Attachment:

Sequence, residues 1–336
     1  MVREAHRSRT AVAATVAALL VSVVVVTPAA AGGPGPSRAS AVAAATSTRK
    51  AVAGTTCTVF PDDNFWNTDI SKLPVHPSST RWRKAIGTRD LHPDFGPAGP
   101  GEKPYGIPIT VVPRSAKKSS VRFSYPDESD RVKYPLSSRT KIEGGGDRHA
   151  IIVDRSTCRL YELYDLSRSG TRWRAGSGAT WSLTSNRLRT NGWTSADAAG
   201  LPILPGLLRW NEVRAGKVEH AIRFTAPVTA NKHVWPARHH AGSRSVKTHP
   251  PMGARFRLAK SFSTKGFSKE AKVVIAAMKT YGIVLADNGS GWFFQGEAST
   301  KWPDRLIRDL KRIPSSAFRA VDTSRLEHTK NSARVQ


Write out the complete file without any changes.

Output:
Sequence, residues 1–336
     1  MVREAHRSRT AVAATVAALL VSVVVVTPAA AGGPGPSRAS AVAAATSTRK
    51  AVAGTTCTVF PDDNFWNTDI SKLPVHPSST RWRKAIGTRD LHPDFGPAGP
   101  GEKPYGIPIT VVPRSAKKSS VRFSYPDESD RVKYPLSSRT KIEGGGDRHA
   151  IIVDRSTCRL YELYDLSRSG TRWRAGSGAT WSLTSNRLRT NGWTSADAAG
   201  LPILPGLLRW NEVRAGKVEH AIRFTAPVTA NKHVWPARHH AGSRSVKTHP
   251  PMGARFRLAK SFSTKGFSKE AKVVIAAMKT YGIVLADNGS GWFFQGEAST
   301  KWPDRLIRDL KRIPSSAFRA VDTSRLEHTK NSARVQ